they collect in taxes in 2013 and are expected to be depleted 
by 2032.\2\ A number of proposals have emerged to resolve this 
financing problem, with a great deal of variety in terms of 
both how the Social Security program would be structured and 
who would be eligible for benefits.\3\ Some of these proposals 
would restore solvency within the existing program structure, 
while others call for some form of restructuring to include 
individual accounts as an element of reform. Many major 
proposals would provide a significant defined benefit as a base 
with voluntary or mandatory individual accounts included as an 
element of the plan.\4\ In the current national debate over how 
best to restore Social Security's long-term solvency, some 
researchers have argued that minorities, particularly blacks, 
would fare better under a system that included some individual 
account element.\5\ They argue that certain minorities are more 
likely to have specific characteristics that result in their 
receiving lower benefits than others under the current system.
---------------------------------------------------------------------------
    \2\ The relevant figures include both the Old Age and Survivors 
Insurance program and the Disability Insurance program.
    \3\ The President's recent Social Security reform proposal, for 
example, would extend Social Security solvency until 2055. It would 
not, however, fundamentally reform the Social Security benefit program.
    \4\ Defined benefit refers to a benefit based on a specific formula 
linked to a worker's earnings and years worked.
    \5\ W. Beach and G. Davis, ``Social Security's Rate of Return,'' 
Heritage Center for Data Analysis, Heritage Foundation, Washington, 
D.C., 1998.
---------------------------------------------------------------------------

          HOW MINORITIES CURRENTLY FARE UNDER SOCIAL SECURITY

    Although Social Security's benefit and contribution 
provisions are neutral with respect to race, ethnicity, and 
gender, some researchers have questioned how well some 
minorities, especially blacks, have fared under the existing 
Social Security system because they have lower life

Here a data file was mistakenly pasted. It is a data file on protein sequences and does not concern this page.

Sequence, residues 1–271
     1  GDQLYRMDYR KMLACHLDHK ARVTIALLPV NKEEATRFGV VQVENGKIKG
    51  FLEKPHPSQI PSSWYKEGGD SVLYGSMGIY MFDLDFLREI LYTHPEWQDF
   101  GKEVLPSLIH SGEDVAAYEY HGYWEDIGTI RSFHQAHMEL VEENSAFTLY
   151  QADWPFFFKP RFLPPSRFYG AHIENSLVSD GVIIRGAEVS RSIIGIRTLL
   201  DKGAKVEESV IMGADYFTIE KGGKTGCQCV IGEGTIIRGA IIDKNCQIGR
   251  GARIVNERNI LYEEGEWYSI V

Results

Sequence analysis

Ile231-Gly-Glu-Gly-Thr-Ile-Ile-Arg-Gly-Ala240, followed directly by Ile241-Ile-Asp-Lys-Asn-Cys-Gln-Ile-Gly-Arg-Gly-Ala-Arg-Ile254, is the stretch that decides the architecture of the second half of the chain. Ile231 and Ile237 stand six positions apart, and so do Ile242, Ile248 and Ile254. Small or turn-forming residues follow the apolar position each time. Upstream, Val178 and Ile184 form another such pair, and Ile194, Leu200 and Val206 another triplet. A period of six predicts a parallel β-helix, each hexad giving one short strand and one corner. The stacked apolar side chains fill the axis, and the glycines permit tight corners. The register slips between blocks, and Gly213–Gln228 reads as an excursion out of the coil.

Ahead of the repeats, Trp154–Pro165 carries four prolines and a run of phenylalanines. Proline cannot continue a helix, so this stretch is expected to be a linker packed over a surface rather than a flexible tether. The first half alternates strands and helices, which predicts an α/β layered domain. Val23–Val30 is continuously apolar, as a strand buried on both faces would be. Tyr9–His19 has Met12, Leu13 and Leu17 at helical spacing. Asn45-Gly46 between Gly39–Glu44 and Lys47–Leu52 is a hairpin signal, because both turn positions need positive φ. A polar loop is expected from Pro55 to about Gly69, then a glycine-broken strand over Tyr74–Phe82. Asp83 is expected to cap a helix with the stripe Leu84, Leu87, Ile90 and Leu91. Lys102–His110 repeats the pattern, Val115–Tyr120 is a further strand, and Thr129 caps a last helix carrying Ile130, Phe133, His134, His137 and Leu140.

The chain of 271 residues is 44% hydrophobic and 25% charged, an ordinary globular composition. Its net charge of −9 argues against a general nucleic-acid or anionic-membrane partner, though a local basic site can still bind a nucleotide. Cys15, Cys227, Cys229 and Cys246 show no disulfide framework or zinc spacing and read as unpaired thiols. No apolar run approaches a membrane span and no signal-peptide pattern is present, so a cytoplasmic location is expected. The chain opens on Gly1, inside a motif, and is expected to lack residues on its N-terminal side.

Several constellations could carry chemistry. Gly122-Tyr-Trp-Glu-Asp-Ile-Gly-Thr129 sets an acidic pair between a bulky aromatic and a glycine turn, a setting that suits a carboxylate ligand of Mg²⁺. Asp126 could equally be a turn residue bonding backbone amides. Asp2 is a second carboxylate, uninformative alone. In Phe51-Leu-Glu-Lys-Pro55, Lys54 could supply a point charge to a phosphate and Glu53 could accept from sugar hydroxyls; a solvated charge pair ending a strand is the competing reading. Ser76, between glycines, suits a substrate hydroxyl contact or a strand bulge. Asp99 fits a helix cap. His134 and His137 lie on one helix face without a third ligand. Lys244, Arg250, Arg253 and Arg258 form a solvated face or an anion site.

expectancies. Differences in life expectancy affect the length 
of time that individuals from different racial and ethnic 
groups can expect to pay into the Social Security system and 
collect retired worker benefits. For example, white males born 
in 1998 can expect to live for 74 years, black males for 64.3 
years, and Hispanic males for 75 years. These differences 
become much less pronounced, but still exist, for individuals 
who survive to age 65. At age 65, in 1998, white men can expect 
to live 2.3 years longer than black men, and Hispanic men can 
expect to live 2.9 years longer than white men. The projections 
of life expectancy for white, black, and Hispanic women at age 
65 are 19.5, 17.6, and 22.2 years, respectively.
    However, life expectancy is only one of many factors that 
affect the level of benefits that people receive from Social 
Security, relative to what they contribute. Social Security's 
progressive benefit formula has particular importance for 
blacks and Hispanics because they tend to have lower lifetime 
taxable earnings than whites. The consensus among researchers 
is generally that the progressivity of the benefit formula 
outweighs the negative effect of lower life expectancy for 
blacks in terms of what they receive from Social Security 
relative to what they contribute. Hispanics' longer life 
expectancy, combined with the progressive benefit formula, 
indicates that they fare even better than blacks under Social 
Security.
    None of the currently available studies have included 
disability or survivors benefits in their assessments of the 
benefits minorities receive from Social Security.\6\ Blacks 
rely more heavily than others on these features of the program, 
which provide important protections against the loss of